Vivian Liddell: In Search of Lost Time
A One-Day Solo Exhibition at Parlor ATL
Friday, November 4th, 7 - 10 PM
This show came out of its materials. It started with yarn. My grandmother is 95 years old and has severe dementia. She doesn’t talk much when I’m around, other than to ask the same questions over and over about my sons. (“Is she left handed?” is a favorite.) She lives every other month with my parents and my mother tells me stories of her nights—how my grandmother gets dressed at two in the morning to meet the dead, or go for a drive in a car that she no longer has. She spends the limited waking hours of her days working on puzzles, watching game shows, and crocheting chains from balls of yarn—because she can’t follow a pattern. She sees the yarn that she has crocheted, sitting on my mother’s couch and asks what is this? My mother answers her it’s yours, mother. Then my grandmother will pick up the yarn, start crocheting where she left off, and continue to ask as she works—why am I doing this? I told my mother I could use the chained balls of yarn for an art project. Now that’s how she answers my grandmother: it’s for Vivian’s art.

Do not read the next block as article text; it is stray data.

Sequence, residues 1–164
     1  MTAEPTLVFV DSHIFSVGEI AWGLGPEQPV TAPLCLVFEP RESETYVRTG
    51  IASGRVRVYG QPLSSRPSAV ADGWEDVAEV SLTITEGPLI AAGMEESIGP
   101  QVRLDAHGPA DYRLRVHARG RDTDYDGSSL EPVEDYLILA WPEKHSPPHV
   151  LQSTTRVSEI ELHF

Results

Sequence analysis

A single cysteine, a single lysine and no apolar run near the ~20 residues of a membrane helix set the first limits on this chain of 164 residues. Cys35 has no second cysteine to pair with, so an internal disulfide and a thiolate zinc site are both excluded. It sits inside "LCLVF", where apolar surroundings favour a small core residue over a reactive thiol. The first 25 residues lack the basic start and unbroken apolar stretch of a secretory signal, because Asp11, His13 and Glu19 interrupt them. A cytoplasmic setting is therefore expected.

The chains are made of brightly colored, soft yarn that my grandmother enjoys handling. Her therapist says working on the chains is great for her hand-eye coordination. But when I see the yarn, I feel my grandmother’s frustration at all the things she can’t remember. Mostly I feel sadness for a person who has a whole life that appears to her only in glimpses. As I am working on these pieces, I think about her confusion, her life, and the memories (good and bad) lost.
Marcel Proust starts his masterpiece (In Search of Lost Time) by asking readers to think of the circular, sometimes broken, way we see memories as we doze in and out of sleep, only sorting things out in a linear way as we wake into ourselves and are finally able to place our location, our time, and our thoughts. I imagine my grandmother’s mind to be somewhat like this half-dream state, a series of impressions that dip in and out of the past, combining her lived worlds.
862 Vedado Way NE, Atlanta, Georgia